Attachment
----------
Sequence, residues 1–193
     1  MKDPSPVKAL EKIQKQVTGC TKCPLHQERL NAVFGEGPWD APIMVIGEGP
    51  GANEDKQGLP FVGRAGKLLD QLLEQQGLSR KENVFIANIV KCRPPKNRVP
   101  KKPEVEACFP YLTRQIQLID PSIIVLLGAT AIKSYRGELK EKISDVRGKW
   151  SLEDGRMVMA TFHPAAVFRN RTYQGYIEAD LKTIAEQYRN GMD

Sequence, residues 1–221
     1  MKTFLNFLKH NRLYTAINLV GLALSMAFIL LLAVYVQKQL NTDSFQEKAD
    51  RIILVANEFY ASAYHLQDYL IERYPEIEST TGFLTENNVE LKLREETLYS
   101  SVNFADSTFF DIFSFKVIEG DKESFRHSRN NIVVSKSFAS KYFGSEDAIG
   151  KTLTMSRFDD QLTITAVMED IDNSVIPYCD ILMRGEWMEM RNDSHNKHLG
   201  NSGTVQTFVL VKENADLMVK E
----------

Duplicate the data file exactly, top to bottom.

Sequence, residues 1–193
     1  MKDPSPVKAL EKIQKQVTGC TKCPLHQERL NAVFGEGPWD APIMVIGEGP
    51  GANEDKQGLP FVGRAGKLLD QLLEQQGLSR KENVFIANIV KCRPPKNRVP
   101  KKPEVEACFP YLTRQIQLID PSIIVLLGAT AIKSYRGELK EKISDVRGKW
   151  SLEDGRMVMA TFHPAAVFRN RTYQGYIEAD LKTIAEQYRN GMD

Sequence, residues 1–221
     1  MKTFLNFLKH NRLYTAINLV GLALSMAFIL LLAVYVQKQL NTDSFQEKAD
    51  RIILVANEFY ASAYHLQDYL IERYPEIEST TGFLTENNVE LKLREETLYS
   101  SVNFADSTFF DIFSFKVIEG DKESFRHSRN NIVVSKSFAS KYFGSEDAIG
   151  KTLTMSRFDD QLTITAVMED IDNSVIPYCD ILMRGEWMEM RNDSHNKHLG
   201  NSGTVQTFVL VKENADLMVK E